Friday, November 18, 2011


This week I learned a new word. It literally stopped me in my tracks on Tuesday morning. The word in question, Obesogenic, is not even in the dictionary. This word, used as a description of the American population today on National Public Radio (a favorite of mine), was introduced during a program with a panel of experts discussing the current worldwide diabetes epidemic. The numbers were astounding; with a projected one in ten adults having diabetes by 2030. The Centers for Disease Control and Prevention (CDC) looked even further into the future and projected a shocking one in three Americans will have diabetes by 2050. A real threat to people, but we do have some control of our destiny. A large proportion of diabetes sufferers have type two diabetes caused by obesity. .

Now, before you denounce me for writing this, I am not reproaching anyone who is overweight and I know that there are those who suffer from obesity due to legitimate illnesses but we have to open our eyes and look around us. For the most part, in any shopping center, you can observe more overweight children than I have ever seen in my life, but those children are the adults of 2030!

Two simple things, education and leading by example, can go a very long way to help children and adults alike to fight this problem, but it seems many are keeping their eyes closed to it..

Let us first take us, the parents. We strive to keep our children safe, help them grown strong and healthy, yet how many of us have whisked them through a drive through one too many times and feed them food full of fat, just because it is quicker or easier for our schedule? I will hold my hand up to that, shame on me! Of course a drive through occasionally is perfectly fine, but there are too many out there who use this as their staple diet.

I hear all the time that it is cheaper to eat convenience food than go to the supermarket, especially for the lower income bracket. However, a visit once a week, to the local farmers market will fill your fridge with local fruit and vegetables for not more than the cost of a family meal in a fast food restaurant.

Additionally, there is the question of physical activity. Ok, so not everyone can afford to join a gym, but walking is free and the kids love it! Making health a fun part of life will have a long lasting effect on our children and, if we are lucky, undo some of the damage we have already done to ourselves.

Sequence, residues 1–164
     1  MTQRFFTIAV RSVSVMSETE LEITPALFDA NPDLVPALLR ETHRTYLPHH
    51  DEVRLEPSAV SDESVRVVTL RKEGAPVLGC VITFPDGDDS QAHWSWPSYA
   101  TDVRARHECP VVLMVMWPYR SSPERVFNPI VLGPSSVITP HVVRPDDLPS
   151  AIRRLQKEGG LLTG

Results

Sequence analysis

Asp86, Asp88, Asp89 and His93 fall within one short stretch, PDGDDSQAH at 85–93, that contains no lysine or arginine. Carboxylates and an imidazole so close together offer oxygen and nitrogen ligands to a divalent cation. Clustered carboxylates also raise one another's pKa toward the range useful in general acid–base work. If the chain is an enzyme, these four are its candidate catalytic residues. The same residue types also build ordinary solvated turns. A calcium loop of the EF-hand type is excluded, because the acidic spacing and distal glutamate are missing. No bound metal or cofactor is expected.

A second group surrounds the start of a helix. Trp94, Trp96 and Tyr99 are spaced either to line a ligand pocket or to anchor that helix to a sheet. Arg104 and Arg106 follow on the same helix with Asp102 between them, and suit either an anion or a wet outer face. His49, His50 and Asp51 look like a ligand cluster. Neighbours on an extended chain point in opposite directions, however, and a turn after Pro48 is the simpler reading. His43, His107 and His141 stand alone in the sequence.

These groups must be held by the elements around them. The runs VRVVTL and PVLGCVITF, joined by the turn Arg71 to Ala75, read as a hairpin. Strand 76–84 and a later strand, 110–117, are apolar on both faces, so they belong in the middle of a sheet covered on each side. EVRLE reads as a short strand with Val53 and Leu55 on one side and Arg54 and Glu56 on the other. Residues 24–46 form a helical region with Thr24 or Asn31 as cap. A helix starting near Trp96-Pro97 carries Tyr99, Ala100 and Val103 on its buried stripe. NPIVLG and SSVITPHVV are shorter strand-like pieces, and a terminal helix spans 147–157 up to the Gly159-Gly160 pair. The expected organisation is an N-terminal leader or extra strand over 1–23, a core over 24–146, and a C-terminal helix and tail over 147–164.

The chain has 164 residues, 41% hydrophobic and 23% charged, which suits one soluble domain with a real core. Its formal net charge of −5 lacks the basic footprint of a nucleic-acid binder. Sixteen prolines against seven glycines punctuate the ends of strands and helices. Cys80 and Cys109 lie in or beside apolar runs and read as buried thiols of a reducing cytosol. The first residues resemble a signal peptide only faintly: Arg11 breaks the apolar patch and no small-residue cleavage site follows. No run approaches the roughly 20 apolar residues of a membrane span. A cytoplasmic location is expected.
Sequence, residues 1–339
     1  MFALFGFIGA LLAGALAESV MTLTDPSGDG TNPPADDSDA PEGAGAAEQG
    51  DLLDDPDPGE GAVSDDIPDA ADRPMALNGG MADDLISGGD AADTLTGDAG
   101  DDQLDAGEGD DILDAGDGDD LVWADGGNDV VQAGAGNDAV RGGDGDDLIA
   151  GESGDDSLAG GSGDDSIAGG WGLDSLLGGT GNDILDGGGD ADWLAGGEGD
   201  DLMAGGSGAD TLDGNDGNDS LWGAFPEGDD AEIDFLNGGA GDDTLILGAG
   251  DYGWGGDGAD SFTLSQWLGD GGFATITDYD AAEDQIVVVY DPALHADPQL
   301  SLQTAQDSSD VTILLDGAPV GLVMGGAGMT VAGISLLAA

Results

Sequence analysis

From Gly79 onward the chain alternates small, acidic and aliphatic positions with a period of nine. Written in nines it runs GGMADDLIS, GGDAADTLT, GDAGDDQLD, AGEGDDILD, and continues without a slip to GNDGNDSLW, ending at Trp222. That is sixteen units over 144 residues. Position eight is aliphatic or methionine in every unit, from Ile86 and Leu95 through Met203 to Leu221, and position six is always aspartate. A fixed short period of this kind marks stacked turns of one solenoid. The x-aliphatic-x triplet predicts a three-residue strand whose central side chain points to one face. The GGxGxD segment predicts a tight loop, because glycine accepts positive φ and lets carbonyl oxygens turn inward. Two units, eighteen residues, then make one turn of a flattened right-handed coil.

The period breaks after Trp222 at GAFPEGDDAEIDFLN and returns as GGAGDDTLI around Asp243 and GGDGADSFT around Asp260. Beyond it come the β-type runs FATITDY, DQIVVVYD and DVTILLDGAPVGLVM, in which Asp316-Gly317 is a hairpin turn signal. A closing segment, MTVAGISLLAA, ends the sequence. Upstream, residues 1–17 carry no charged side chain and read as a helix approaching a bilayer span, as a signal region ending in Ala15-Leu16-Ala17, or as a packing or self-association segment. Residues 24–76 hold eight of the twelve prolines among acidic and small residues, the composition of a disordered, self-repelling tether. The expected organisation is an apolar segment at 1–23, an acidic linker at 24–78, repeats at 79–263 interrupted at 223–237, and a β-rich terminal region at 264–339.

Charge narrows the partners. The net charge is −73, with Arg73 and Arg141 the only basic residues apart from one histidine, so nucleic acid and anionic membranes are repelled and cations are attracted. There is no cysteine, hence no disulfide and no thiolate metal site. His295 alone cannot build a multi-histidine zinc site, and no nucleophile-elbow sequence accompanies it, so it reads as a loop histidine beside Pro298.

That brings me on to education, where the objective is to pass academic subjects with, it seems, no consideration as to if you are healthy or not. When I was a kid in England, we did Physical Education as a full part of our curriculum. It was not an add on once-a-week class or one semester of the school year, it was all year come rain or shine. We would change into gym clothes and play games such as football, netball, and basketball. We would run or do athletics. We were active and we loved it.

We had cooking and nutrition classes and believe me, if you tried to cheat as I did once, well let's just say if you did the crime you paid with time. I did and I got detention for sneaking in a packet cake mix.

Moving on quickly, don't want to dwell on my misdemeanors, let's talk about school lunches? They used to be nutritious, if not that appealing at times. Sodas and candy were not allowed. Never in a month of Sundays, as we say in England, would you have found Chick-fil-A or a gooey, saturated fat infested pizza on the menu. No, sorry but I am astonished that this is the reality in our schools. Yes, there are healthy options there, but come on, kids are kids, which one do you think they will choose?

Do we need to make a stand and voice for a change? I think we do! I think we should advocate helping educate our children, from every angle, to ensure that they grow up to become healthy adults. The national campaign is the driving force, but we are the army that can make it happen. Let's kick this self driven diabetes in its big butt (sorry couldn't help it) and ensure our kids have a long, healthy future.

Without this, our children are destined to become the quoted statistics of 2050.


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